Technology advancements and more flexibility regarding the work environment comes with many benefits, but it also can come with overwhelm and burnout if you feel you need to be available and “on” 24/7.
In order to prevent this, it is important to establish clear boundaries in the workplace. While boundaries may be hard for some who relate to being a “people pleaser,” they will ultimately make the work environment better for all those involved.
Structure often comes from the top of the company and some important work boundaries are laid out in the employee handbook. These are boundaries and expectations that apply to the whole company. This does not mean that these are the only boundaries that can and should be in place. Each individual within a company needs to set their own personal boundaries as well.
As an employee, manager, or head of a company, the first step to setting your boundaries is deciding upon what your values and priorities are. By creating boundaries, you are essentially protecting what is important to you and is needed for you to be a productive, successful contributor to the work environment. For example, family time is important to you, so you set the boundary of not checking your work email after 5PM Monday through Friday and never on the weekends. This protects your time with your family which is good for you, but also protects your energy and feelings towards the company and your work, which is good for the company.
Once you have decided upon what boundaries you would like in place, you must communicate these boundaries clearly and effectively. This can be done pretty simply, either by letting those you work with know of the boundary by email, in a face-to-face meeting, etc. Boundaries should be communicated early on so there is no confusion. It is also important that boundaries are consistent and do not change from day to day, week to week. If a change in your boundaries is needed, make sure you communicate the change and new boundary quickly.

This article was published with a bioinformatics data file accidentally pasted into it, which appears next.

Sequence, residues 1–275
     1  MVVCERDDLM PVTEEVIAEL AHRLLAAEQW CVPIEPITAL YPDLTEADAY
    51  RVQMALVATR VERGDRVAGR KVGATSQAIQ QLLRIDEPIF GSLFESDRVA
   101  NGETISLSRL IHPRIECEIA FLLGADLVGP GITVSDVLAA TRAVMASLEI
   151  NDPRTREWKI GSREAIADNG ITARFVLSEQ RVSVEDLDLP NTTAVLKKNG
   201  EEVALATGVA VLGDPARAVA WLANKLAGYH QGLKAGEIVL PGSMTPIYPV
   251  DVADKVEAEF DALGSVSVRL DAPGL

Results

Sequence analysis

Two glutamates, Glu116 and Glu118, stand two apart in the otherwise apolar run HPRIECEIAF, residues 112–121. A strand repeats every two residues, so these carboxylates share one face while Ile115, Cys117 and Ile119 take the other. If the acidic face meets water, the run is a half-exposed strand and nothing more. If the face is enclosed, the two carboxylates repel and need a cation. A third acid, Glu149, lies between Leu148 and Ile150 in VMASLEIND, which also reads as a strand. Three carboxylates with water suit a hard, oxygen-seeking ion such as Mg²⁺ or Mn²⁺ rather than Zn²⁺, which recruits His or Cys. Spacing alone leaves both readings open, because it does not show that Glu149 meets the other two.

It is also very important to set boundaries regarding what work you will do. You were hired or are in a position that has specific tasks and responsibilities, if something outside of that scope gets thrown your way, how will you handle the situation? This is where delegation becomes important. You need to be able to clearly say, “this actually is not part of my job, however so-and-so can help you with this!” Do not feel ‘guilty’ or ‘bad’ for not helping them, you have passed them on to the expert and also protected the work that IS your responsibility.
Even with boundaries in place and clearly communicated, this does not mean that they will never be tested or pushed against. It is important to calmly and clearly enforce the boundary and to not waver. If you make an exception one time, it is more likely for an exception to keep being made and all of a sudden your boundaries have vanished.
A workplace without boundaries can be a pretty toxic environment. Boundaries have the ability to protect all individuals within the company so they and the company can thrive.